As a girl growing up and now, as a woman, I was never told my body was incredibly powerful.

Being a girl and then a woman in sports seemed pretty grim: I'll always be slower and less strong than the holy grail: the male body.

Not interesting, not featured in media, because “female sports is just not interesting.”

But I realised, during my last pregnancy: wow, I created a human.

We, women, create the whole of humanity.

We are god!

We have this incredibly powerful, fine-tuned machine. For 40 years, we can create a human completely from scratch.

As my grandfather likes to say, "Women are magicians. You give them a drop, and they create a baby."

We haven't been told this empowering story.

Instead, we've been mocked: "Women are moody and bitchy, complicated". We get called hysteric. 

We’ve been ignored by the research world: 80% of the medical research is still, today, done on males.

Women die because we don't know how to recognise a female heart attack.

We have long-lasting chronic pains, such as PMS, endometriosis, and PCOS, that could be detected early, tackled, researched, and improved.

Pain is not normal.

We have huge hormonal fluctuations that are not explained to us and impact how we feel, metabolise nutrients, and react to sports.

Imagine if a man had his testicles removed. He'd have a huge drop in testosterone. He'd like to know what will happen to him. Right?

A third of women in the US above 60 have a partial or full removal of their ovaries (hysterectomy), with nothing explained to them.

Mental health professionals are surprised women experience mental health struggles. We're prescribed pills to solve it Instead of looking at the core.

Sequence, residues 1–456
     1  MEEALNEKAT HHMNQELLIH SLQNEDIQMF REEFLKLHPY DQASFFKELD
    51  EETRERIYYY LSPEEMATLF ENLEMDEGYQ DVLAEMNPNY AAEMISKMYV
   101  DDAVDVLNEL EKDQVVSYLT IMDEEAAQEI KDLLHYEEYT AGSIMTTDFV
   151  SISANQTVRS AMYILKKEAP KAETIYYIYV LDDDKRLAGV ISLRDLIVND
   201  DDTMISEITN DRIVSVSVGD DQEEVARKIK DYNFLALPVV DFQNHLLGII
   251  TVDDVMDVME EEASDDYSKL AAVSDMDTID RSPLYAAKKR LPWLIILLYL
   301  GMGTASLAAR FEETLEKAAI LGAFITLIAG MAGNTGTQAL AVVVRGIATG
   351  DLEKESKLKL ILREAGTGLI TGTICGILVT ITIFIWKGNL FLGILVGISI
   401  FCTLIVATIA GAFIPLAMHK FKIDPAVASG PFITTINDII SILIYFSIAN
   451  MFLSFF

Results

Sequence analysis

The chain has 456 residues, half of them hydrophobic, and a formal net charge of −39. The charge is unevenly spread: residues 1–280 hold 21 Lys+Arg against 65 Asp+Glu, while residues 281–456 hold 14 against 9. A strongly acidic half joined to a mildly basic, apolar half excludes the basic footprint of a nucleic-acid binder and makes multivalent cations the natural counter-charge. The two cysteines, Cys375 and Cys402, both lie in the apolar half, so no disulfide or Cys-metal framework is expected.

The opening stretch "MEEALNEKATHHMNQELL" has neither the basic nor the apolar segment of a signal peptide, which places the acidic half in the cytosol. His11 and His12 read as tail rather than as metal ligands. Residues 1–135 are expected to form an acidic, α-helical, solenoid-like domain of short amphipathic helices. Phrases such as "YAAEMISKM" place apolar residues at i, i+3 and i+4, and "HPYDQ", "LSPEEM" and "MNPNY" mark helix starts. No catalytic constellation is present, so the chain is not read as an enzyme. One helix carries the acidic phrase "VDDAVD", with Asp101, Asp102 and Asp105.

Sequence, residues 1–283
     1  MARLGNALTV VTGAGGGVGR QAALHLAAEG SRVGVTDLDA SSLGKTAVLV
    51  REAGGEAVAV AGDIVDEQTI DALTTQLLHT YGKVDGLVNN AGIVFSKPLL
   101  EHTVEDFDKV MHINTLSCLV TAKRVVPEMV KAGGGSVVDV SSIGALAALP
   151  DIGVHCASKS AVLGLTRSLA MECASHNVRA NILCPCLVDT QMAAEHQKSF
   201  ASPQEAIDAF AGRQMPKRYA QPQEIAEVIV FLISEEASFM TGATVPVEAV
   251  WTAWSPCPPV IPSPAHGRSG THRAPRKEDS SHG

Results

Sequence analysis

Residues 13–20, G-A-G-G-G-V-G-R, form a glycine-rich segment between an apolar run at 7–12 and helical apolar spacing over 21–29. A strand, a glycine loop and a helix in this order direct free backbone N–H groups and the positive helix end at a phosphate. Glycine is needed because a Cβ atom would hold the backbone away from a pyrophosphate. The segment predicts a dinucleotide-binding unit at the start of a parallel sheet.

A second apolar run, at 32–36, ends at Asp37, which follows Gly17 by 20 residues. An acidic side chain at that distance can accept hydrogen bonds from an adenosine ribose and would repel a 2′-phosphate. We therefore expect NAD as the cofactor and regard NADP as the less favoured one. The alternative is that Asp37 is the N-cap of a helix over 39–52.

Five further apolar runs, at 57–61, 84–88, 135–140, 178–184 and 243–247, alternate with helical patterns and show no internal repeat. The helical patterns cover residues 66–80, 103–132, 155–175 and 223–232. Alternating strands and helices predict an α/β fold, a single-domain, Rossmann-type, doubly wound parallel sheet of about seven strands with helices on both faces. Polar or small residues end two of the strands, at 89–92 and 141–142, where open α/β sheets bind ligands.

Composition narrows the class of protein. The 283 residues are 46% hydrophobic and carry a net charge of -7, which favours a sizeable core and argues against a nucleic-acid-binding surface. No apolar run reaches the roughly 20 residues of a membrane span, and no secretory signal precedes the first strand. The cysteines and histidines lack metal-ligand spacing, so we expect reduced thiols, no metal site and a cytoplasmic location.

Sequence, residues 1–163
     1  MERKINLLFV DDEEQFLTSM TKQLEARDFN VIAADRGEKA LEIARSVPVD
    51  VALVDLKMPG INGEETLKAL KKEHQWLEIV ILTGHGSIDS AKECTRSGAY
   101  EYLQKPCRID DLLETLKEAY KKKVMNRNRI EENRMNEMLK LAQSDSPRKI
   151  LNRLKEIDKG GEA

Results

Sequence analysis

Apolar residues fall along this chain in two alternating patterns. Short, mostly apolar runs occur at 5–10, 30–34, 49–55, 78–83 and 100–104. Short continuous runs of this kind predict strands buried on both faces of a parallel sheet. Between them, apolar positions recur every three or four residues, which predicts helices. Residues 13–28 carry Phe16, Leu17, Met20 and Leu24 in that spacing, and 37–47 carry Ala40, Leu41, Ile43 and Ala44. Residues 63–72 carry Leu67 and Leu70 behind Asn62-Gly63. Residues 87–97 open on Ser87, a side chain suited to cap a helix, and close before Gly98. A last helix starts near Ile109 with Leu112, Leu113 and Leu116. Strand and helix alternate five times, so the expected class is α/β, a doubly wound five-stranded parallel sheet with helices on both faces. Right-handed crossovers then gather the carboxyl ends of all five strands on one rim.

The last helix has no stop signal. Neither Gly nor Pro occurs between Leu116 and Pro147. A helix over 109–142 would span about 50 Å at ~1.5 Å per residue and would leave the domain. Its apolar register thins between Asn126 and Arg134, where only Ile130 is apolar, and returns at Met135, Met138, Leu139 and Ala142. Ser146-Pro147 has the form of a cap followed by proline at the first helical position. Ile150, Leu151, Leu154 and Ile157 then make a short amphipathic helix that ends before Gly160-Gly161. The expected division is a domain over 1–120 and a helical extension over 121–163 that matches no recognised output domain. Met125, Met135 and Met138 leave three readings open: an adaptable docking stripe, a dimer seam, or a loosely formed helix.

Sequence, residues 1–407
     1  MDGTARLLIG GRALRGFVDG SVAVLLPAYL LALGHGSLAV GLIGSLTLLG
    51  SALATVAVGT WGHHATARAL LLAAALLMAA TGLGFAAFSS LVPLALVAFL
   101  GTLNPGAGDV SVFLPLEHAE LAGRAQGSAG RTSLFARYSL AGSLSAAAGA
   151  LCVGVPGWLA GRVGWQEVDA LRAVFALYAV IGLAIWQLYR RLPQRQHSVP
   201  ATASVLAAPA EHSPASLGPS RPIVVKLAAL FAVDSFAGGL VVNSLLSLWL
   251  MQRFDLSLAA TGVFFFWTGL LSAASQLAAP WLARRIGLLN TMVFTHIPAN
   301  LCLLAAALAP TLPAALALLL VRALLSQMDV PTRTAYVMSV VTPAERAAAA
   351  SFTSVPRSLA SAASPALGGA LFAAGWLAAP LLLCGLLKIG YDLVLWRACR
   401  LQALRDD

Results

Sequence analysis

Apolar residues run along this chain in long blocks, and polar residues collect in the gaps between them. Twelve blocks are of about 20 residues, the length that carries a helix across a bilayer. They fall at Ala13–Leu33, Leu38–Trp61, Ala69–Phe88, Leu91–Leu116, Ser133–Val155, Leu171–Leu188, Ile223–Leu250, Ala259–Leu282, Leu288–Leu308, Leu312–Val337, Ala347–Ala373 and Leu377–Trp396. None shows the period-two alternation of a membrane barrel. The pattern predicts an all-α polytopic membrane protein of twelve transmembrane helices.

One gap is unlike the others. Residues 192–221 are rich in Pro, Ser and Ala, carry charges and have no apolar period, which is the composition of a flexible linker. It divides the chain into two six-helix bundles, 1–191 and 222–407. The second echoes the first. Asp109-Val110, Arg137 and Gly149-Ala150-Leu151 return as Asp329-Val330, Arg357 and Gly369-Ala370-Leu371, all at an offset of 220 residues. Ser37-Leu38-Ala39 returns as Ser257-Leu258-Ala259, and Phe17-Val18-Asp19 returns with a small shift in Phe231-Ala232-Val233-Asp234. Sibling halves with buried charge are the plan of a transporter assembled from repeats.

Is it hard to be a woman?

I see it as like doing a 100-km ultra-marathon. I could complain the whole way, say it's cold, hard, and perilous. I could have a really bad time.

Or I can feel incredibly grateful to myself. I can look at the stunning view of the early dawn few people see from the top of the mountain at 5 a.m. I’m exhausted but so alive.

Being a woman is hard. There's no question about that.

Having hormonal fluctuations, giving birth, and transitioning to menopause is hard.

But it's also incredible.

We can be so in tune with such an array of emotions. With ourselves and with others.

We get to feel a tiny human in our bellies.

We get to have big life stages and experience a rainbow of the wheel of emotions.

Let’s Reframe

So, for this month, we’re taking it with a twist at Wild.AI.

The way we speak in the app, in our communications is always to make you stronger. More empowered.

More confident.

It doesn't mean ignoring the negative sides.

But understanding it, embracing it, and getting stronger on the other side.

Reframe how we talk to ourselves. 

Reframe how we see our incredible bodies, which have fats to sustain us in ultra-endurance or keep us going through pregnancies.

Our female bodies which, on average, live longer than men. Isn’t that powerful?

Our scars of sports, of C-sections.

Our broken fingernails, our urinary leaks.

Our emotions are strong. Because we are not robots.

But also, knowing we are not alone.

Let’s empower ourselves, like with air masks on aeroplanes. We must become the type of women who look after themselves and, in turn, empower others.

So that our little boys, our little girls, see us appreciating our body. Hear us compliment ourselves. So that they do the same.

So our friends can go through the same path.

An empowered woman, confident, entering a room: it's incredibly sexy.

For this month, let's think of the origins of shame on women. Why? Why is it shameful to have a period? To be in perimenopause?

How do we perpetuate this?

How can we first change it, slowly, day after day, for ourselves?

How can we become advocates for other women?

So we can be empowered.